6. D, thanks for the links, I'll let Tanith know that they are on here. I'll have a look, too, in readiness for their visit at Christmas.

  7. Margaretha, I have always cooked lots of vegetables and made stews and soups but not so many beans and pulses. I keep a few cans in the store cupboard for the days I forget to soak the dried beans and they work quite well in lots of recipes. I don't have a pressure cooker but i will follow your tip about freezing beans that I have cooked on the Aga.

    I am glad that your mother didn't have the weight problem with Tamoxifen, I think she was one of the lucky group who do not have that side-effect.

  8. Dulce domum, yes, I was shocked at those figures. I don't think it was weight-gain alone that was blamed, although it is a significant factor; there are a lot of unpleasant side-effects and after surgery, chemo and radiotherapy it can be just too much for some people to face five years of miserable hot flushes etc

    The food I'm eating is mostly vegetable casseroles and stews bulked up with pulses, beans or grains. I rarely eat meat so I haven't used that part of my 'ration' but I do use a little grated cheese and the occasional egg. What has surprised me is that each recipe calls for 'a little onion or leek if it can be had' so they must have been in short supply during the war. I haven't been able to find out why that was. Perhaps one of your books mentions it?

  9. Hello there
    Came over from Dulce's blog and am enjoying what I have read.
    No more fish recipes tho - I used to just poach in milk for mine when they were little tho haven't done that for years. Might try again one day.
    Take care

  10. Hello and welcome, Cathy. Scrabbling around in my imperfect memory, I'm sure poaching fish was something i did. I've looked at the recipes recommended by D (60 going on 16) and the fish and spinach bake and the chowder look like dishes I would enjoy myself. I shall cook a small unseasoned portion separately for baby Millie.

  11. Not in my recipe books, no, but I have read a few Mass Observations diaries from that time and yes, in some parts of the country an onion was a rare and wonderful thing!! Oh, the book is called "Private Battles" and is edited by Simon Garfield, I can highly recommend it.

  12. I just told Dulce Domum about book I thought she'd like, and I'll pass the title on to you, too. Little Heathens by Mildred Armstrong Kalish. It full of old time wisdom, anecdotes, and lots of recipes. I'm quite sure you'd love it.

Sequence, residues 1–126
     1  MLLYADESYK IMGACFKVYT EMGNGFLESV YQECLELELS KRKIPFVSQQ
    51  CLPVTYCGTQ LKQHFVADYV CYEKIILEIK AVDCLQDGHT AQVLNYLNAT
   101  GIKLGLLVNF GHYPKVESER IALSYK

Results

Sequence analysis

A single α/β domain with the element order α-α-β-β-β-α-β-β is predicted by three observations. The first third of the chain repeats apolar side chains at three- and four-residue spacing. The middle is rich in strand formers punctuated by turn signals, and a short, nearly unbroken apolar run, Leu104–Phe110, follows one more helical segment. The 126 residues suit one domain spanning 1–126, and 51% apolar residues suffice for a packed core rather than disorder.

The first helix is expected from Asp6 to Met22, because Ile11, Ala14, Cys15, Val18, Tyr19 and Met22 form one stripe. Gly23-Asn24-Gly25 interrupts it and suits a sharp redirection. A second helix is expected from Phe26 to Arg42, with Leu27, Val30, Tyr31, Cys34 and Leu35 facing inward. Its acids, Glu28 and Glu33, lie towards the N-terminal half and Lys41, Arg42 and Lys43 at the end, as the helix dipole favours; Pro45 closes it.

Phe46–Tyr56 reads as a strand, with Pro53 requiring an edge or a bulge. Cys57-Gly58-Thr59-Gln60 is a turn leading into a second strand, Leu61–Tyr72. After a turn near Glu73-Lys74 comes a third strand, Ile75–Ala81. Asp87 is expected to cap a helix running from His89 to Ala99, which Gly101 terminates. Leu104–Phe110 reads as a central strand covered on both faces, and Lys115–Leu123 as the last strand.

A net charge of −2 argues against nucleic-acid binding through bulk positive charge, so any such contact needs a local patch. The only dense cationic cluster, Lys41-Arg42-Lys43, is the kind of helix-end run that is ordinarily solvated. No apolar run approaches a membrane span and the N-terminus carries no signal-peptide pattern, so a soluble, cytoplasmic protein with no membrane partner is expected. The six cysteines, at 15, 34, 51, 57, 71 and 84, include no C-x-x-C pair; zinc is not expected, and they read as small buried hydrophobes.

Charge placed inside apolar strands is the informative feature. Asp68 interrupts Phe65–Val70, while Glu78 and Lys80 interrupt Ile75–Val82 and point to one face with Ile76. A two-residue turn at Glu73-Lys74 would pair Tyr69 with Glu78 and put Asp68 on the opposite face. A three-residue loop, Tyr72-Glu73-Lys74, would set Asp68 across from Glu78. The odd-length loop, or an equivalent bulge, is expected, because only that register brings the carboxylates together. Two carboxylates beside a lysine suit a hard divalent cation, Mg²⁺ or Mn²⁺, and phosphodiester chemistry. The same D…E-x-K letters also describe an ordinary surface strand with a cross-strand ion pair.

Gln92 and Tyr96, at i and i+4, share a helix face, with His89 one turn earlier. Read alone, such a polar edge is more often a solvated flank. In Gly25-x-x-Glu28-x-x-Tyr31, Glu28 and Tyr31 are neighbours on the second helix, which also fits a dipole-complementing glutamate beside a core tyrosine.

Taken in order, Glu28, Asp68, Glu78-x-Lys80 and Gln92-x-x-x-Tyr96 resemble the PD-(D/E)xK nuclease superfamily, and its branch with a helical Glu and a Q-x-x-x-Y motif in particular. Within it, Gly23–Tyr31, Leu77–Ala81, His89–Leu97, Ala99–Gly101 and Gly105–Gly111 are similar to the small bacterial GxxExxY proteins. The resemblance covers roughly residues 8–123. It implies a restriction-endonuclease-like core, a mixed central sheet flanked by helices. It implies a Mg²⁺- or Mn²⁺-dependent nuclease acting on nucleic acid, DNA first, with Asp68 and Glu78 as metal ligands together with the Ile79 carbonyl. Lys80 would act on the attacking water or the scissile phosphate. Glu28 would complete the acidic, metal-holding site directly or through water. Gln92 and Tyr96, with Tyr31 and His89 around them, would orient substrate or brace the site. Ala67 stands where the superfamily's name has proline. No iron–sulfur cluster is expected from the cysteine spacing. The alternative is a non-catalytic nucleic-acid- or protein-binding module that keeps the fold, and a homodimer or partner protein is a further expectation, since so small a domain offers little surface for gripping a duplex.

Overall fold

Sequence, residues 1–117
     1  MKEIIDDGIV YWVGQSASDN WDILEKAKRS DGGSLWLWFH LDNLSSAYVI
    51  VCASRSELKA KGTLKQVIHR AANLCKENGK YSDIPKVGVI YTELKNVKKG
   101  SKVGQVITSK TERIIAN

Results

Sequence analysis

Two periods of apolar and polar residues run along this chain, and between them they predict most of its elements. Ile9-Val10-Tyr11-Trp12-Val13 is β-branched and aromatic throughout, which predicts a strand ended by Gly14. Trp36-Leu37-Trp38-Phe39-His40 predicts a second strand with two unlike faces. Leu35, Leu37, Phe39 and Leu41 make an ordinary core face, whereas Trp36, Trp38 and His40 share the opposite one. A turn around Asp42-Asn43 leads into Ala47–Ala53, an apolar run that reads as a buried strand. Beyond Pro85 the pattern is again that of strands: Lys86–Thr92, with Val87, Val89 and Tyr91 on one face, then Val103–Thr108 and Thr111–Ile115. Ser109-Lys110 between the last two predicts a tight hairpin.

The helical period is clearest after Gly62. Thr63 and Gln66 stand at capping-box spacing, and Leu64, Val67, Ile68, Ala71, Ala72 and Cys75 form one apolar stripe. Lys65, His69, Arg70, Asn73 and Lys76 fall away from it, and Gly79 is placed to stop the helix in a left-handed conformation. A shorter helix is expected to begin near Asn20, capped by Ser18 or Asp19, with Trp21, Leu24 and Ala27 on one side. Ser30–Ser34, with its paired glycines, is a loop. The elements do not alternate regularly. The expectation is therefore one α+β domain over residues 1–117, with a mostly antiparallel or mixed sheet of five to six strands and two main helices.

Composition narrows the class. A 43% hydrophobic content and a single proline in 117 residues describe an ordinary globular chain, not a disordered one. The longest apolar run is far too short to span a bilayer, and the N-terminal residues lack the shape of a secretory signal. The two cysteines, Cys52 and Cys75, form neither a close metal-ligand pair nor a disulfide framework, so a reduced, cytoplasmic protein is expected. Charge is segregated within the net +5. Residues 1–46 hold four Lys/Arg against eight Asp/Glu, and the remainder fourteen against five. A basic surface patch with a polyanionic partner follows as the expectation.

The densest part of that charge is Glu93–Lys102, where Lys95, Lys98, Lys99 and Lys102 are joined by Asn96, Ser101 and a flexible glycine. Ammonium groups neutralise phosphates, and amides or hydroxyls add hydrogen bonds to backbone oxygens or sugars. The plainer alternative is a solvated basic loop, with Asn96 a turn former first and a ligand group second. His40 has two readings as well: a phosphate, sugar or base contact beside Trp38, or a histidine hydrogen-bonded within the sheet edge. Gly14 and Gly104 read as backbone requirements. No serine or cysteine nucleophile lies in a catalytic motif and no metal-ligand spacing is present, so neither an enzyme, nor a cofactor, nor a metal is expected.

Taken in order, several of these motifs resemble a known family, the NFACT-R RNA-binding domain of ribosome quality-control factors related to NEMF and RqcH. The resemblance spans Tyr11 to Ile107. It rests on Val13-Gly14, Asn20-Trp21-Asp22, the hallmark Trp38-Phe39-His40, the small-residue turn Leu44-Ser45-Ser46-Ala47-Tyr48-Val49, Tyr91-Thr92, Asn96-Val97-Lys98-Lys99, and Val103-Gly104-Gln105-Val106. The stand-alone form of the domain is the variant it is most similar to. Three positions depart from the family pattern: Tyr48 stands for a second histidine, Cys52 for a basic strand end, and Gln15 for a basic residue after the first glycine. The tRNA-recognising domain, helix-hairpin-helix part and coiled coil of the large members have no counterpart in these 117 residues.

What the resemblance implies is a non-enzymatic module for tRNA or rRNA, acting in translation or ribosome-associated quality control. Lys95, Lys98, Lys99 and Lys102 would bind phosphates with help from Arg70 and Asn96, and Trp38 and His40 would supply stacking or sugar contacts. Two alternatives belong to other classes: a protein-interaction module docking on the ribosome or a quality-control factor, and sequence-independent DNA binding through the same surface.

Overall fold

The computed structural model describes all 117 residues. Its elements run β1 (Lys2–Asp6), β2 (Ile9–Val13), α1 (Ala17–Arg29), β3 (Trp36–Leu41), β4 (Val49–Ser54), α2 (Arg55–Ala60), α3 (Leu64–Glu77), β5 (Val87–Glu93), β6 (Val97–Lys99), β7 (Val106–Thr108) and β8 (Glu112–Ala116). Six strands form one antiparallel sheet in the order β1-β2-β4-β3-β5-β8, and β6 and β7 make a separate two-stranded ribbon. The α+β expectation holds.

I'm a big fan of grains and beans. Cannellini beans are one of my favorites. If you look under main meals on my sidebar, there are a couple stews offered that you might like.

  13. Dulce domum and Nan, thanks for the book recommendations. I'll look them up. And I'll be over for the stew recipes, Nan.

  14. Rose Elliot's Cookbooks are great for lots of recipes (and her Mother and Baby book for relaxing common sense advice)but as she is a vegetarian they are great on beans, lentils and veggies but not so hot on fish :0)
    My Mum bought me a wartime recipe book that is fascinating..and you're right very healthy
    As I've got to follow the Tamoxifan route I think I would be wise to follow your example and start now

  15. Val, I like Rose Elliot's books but I didn't know she had done one on baby food. My daughter and her husband are vegetarian but they will give the baby fish to ensure she has a balanced diet. (That is probably because I nag!) Anyhow, I'll look out for a copy of that book for them.

    As Margaretha has pointed out, not everyone reacts in the same way to Tamoxifen, so I hope you are one of the lucky ones!

  16. Thanks, I'll keep my fingers crossed!
    The Book is called "Rose Elliot's Mother,Baby and Toddler Book"
    and the hb isbn number is

  17. Many thanks, Val. Isn't blogging wonderful for passing on all kinds of wisdom and knowledge?

  18. It's lovely isn't it! you can find nice neighbours and friends and it doesn't matter where you live!